MATTILA ET UX v. Olsvick

Annotate this Case

228 Or. 606 (1961)

365 P.2d 1072


Supreme Court of Oregon.

Submitted September 12, 1961.

Affirmed November 1, 1961.

*607 James P. Cronan, Jr., Portland, for appellants.

No appearance for respondent.

Before McALLISTER, Chief Justice, and ROSSMAN, WARNER, PERRY, O'CONNELL and GOODWIN, Justices.



This is an action for damages arising out of an alleged breach of contract for services. The case was tried before the court without a jury. From a judgment in favor of the defendant, the plaintiffs appeal. There is no appearance in behalf of the defendant.

Plaintiffs were the owners of a lot upon which they desired to build and did build a home. Their deed described the property as Lot 16, "except that portion thereof which lies northwesterly of a line drawn parallel with and 14 feet southeasterly from the line between Lots 15 and 16, all in Block 4, West Slope, in the City of Astoria."

The defendant Olsvick was a professional engineer licensed by the state of Oregon. Preliminarily to the construction of the house, the services of Olsvick were obtained to survey said premises and furnish a map showing the locations of the corners of said tract for the guidance of plaintiffs and their contractor, Charles Antilla. Plaintiffs allege that instead of showing the *608 exception as described in their deed, the map supplied by defendant was erroneous in that the exception was in the map described as "the northerly 14 feet [of Lot 16]." As a result of the misdescription, plaintiffs' home was constructed on said parcel in a manner which slightly encroached on an adjoining tract of land. The encroachment led to a suit by the owner of the adjoining tract and a judgment against plaintiffs for damages in the amount of $681.53. Plaintiffs seek to recover that amount and a further sum for depreciation in the value of their premises.

The defendant Olsvick answered with a general denial and a further and separate answer, alleging that Charles Antilla at the time of said contemplated improvements on Lot 16 "was acting on behalf of the plaintiffs, with full authority to bind their interests * * *, and as their agent, and within the full scope of his authority; that defendant at all times acted in reliance upon the apparent authority of said agent." Olsvick further alleges that Antilla "came into defendants place of business and pointing to a plat of the West Slope Addition * * * requested the defendant to set the property lines of Lot 16 * * * omitting the back or Northerly 14 feet thereof and drew a pencil line on said plat indicating the portion to be omitted from said survey, stating plaintiff did not own that portion." Olsvick thereafter prepared said map as directed by Antilla and set the corners of the premises accordingly. Olsvick claims that the damage was a result of a want of exercise of due diligence and caution upon the part of the plaintiffs and their agent in failing to compare said map with plaintiffs' deed before erecting their home on Lot 16.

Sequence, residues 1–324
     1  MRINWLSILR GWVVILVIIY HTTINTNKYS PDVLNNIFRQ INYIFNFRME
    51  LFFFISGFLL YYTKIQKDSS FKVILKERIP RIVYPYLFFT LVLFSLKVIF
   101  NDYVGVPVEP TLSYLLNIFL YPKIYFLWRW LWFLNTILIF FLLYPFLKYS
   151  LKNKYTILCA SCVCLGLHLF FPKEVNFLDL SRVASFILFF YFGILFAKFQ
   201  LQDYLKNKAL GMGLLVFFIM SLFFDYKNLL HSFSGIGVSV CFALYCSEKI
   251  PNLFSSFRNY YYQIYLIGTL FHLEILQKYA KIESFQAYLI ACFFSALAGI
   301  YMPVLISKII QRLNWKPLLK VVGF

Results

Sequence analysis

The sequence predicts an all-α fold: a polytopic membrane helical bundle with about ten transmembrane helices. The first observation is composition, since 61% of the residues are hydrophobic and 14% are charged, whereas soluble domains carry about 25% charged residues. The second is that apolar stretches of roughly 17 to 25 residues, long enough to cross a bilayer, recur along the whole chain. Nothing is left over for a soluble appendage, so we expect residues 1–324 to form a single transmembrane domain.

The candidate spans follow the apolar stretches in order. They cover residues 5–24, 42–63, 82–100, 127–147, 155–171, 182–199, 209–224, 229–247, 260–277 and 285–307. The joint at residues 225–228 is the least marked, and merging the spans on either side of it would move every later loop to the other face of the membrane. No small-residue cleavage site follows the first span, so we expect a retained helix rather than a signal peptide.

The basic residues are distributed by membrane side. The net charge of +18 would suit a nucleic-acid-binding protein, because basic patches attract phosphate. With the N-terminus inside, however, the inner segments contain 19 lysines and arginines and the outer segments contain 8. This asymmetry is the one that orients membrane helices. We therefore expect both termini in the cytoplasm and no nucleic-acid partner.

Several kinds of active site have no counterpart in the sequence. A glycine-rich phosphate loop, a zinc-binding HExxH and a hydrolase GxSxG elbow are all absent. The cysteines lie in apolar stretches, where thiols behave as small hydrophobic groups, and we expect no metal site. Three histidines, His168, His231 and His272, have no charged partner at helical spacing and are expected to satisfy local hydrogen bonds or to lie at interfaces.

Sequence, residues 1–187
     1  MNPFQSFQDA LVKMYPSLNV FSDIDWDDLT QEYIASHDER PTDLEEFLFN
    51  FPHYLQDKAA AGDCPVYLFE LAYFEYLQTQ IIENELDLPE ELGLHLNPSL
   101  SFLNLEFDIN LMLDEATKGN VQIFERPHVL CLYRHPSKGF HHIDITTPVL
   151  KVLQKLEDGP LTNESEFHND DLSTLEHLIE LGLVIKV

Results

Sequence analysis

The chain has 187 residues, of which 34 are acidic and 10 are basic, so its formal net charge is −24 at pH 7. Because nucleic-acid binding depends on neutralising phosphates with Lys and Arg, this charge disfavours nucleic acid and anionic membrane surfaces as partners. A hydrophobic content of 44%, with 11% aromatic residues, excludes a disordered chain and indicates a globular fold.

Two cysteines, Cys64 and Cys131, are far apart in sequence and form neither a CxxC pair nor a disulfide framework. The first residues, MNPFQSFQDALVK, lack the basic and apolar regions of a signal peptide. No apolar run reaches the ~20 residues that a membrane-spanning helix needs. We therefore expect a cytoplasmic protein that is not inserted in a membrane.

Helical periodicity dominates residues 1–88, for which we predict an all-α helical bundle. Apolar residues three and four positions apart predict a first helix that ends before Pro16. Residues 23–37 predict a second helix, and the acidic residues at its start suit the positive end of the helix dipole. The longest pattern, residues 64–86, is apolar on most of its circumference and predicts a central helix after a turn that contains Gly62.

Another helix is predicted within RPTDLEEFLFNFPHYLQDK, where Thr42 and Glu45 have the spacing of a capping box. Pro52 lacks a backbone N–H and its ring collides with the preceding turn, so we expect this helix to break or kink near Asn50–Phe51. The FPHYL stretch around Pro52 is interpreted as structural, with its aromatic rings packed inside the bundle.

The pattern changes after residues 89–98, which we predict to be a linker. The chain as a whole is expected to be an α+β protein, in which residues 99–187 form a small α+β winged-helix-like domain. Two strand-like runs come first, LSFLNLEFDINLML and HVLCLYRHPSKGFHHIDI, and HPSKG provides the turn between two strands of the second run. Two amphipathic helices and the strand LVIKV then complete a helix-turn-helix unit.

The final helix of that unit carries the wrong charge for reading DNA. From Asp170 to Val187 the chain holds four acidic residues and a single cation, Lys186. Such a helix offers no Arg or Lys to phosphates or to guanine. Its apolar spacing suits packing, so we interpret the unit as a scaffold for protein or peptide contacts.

Plaintiffs' demurrer to defendant's separate answer and defense was overruled. This was followed *609 by plaintiffs' reply, wherein they admit, among other things, "that defendant was retained by the contractor," notwithstanding their complaint alleged that defendant was retained by plaintiffs.

Plaintiffs rely upon two assignments of error. The first is: "The court erred in overruling plaintiffs' demurrer to the affirmative defense and in entering Finding No. 11 over plaintiffs' objection."

Finding No. 11 reads:

"That defendant at all times acted in reliance upon the real and apparent scope of the authority of plaintiffs' agent, Charles W. Antilla, and fully complied with his directions and orders in making said survey and was entitled to rely upon his real or apparent authority."